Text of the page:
“The Hope Pandemic” series addresses the changing business climate and how we can go digital and shape a new world of sustainability, kindness and community.
We’re all seeing how countries around the world are navigating the vagaries of the Covid pandemic, some continuing to stay open while others are reintroducing social distancing precautions.
We’ve also seen that not all the world has been impacted equally, and that many communities in Africa and Asia have remained strong and largely unaffected.
Some believe that people in these countries have been more resistant to this virus, and others as well, because had not been existing in the oversanitized environments of most modern countries.
There are so many learnings yet.
One big question is: how will humanity navigate the future after weathering the massive disruption of the last few years? There’s no question that there will be other viruses, and a raft of threats linked with wars, climate change and other matters. They will certainly crop up from time to time, but will we be more prepared?
While urban cities of the future are becoming increasingly more connected inwards as well as outwards, one solution is to introduce a patchwork of “micro” communities.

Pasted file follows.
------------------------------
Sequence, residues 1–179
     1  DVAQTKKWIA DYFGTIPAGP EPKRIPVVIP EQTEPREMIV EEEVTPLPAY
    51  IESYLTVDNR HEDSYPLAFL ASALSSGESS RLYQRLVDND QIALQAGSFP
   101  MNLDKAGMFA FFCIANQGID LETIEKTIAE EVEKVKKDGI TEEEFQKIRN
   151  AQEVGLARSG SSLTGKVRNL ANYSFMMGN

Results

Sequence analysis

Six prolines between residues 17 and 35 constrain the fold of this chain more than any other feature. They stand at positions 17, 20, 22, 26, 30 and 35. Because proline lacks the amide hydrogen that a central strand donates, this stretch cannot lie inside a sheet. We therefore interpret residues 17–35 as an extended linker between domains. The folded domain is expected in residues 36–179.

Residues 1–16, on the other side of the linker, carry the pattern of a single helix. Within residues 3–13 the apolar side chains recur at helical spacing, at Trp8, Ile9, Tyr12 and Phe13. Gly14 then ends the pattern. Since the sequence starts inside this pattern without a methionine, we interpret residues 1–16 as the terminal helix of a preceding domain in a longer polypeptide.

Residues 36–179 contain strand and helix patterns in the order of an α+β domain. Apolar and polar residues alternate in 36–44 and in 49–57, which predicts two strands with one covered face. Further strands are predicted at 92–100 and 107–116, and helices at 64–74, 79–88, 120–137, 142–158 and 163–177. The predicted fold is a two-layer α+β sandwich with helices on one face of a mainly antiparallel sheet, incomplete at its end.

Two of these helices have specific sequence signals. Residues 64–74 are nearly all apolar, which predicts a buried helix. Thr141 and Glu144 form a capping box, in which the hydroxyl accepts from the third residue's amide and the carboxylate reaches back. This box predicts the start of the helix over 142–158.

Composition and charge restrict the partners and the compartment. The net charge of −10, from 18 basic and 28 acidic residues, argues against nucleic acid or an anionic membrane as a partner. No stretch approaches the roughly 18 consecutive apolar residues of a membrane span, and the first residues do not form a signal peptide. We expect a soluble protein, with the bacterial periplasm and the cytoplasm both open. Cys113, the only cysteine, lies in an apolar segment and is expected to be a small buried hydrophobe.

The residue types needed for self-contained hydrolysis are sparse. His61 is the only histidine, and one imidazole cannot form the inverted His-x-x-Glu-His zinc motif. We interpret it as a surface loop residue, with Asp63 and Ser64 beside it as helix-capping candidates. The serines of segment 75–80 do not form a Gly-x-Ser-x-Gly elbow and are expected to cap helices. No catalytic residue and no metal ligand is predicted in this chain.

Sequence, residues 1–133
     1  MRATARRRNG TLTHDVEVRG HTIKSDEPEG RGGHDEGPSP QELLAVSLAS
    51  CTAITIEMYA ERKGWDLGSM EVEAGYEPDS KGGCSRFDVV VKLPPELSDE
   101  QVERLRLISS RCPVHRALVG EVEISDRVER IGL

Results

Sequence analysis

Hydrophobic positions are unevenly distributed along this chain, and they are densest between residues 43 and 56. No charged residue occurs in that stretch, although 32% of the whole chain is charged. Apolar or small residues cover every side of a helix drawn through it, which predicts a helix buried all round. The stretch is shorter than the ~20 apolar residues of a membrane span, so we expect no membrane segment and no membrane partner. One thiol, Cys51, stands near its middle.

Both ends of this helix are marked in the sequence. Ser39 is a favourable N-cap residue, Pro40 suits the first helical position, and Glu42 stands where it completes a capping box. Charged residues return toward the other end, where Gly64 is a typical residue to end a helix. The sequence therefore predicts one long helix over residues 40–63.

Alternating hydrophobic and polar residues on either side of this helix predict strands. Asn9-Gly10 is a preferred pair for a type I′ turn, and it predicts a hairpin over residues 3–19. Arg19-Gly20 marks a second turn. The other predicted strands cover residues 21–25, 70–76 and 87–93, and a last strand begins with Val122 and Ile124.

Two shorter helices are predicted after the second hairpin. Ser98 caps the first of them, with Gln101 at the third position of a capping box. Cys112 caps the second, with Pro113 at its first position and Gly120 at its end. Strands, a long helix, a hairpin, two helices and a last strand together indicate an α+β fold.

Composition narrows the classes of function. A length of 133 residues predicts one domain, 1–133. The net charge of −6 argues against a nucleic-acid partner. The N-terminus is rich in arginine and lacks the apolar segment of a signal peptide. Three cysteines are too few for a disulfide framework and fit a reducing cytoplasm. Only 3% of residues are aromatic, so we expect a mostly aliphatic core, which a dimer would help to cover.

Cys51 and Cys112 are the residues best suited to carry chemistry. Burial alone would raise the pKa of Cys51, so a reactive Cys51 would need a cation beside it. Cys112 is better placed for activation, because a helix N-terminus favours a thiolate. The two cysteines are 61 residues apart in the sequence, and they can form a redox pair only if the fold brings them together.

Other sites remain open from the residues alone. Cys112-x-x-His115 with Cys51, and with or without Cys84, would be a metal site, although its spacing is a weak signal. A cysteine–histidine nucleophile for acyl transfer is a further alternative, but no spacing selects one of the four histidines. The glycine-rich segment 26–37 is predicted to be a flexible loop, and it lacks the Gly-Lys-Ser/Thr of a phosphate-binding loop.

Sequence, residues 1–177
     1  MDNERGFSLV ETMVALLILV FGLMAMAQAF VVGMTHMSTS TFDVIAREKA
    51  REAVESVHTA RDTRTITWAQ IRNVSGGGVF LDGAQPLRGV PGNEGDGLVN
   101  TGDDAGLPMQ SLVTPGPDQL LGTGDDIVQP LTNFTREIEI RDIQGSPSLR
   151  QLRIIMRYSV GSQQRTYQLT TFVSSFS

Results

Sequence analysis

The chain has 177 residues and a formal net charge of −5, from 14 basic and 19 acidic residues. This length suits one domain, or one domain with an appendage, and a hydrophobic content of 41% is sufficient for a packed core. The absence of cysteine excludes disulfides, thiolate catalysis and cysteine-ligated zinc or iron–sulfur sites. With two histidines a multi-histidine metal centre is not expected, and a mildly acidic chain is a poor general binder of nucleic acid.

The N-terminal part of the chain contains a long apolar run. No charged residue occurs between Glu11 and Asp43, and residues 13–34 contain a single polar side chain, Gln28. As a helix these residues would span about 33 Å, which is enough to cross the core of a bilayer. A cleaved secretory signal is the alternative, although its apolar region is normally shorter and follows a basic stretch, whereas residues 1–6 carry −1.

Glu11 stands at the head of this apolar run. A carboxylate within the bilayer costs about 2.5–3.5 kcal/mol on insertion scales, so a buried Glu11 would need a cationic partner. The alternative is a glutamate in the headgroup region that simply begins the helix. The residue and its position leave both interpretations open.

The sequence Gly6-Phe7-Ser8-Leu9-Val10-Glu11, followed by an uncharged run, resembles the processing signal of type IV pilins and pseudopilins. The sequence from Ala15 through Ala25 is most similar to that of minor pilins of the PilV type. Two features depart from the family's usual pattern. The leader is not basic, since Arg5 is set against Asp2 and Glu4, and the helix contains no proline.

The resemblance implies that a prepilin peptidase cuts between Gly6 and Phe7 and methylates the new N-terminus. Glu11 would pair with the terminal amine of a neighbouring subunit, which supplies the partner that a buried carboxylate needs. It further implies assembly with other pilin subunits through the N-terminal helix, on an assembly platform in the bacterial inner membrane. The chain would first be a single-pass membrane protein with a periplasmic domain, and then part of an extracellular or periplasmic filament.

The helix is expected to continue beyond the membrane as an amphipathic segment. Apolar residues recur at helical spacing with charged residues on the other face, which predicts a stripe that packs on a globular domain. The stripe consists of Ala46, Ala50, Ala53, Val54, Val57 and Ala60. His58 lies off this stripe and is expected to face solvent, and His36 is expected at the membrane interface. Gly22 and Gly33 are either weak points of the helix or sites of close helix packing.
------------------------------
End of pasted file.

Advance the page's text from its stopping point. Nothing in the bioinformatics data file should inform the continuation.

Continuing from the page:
These smaller micro-community could be an opportunity for residents to ‘cut off’ if they need to in order to manage and mitigate risks. By coalescing into micro clusters, communities can have more freedom to operate more independently to make localized decisions. This would be to afford them autonomy up to a certain point of course. So if there’s an outbreak, the micro community could lockdown, test, monitor and conduct treatments, all without the entire economy of a nation grinding to a halt.
This approach could be explored as part of a successful response going forward.
Another advantage to creating micro-communities is that the smaller clusters could contribute to residents feeling a greater sense of community and belonging. These would in turn translate into minimizing social isolation, and to reducing commuting costs and resource waste.
By Sana Bagersh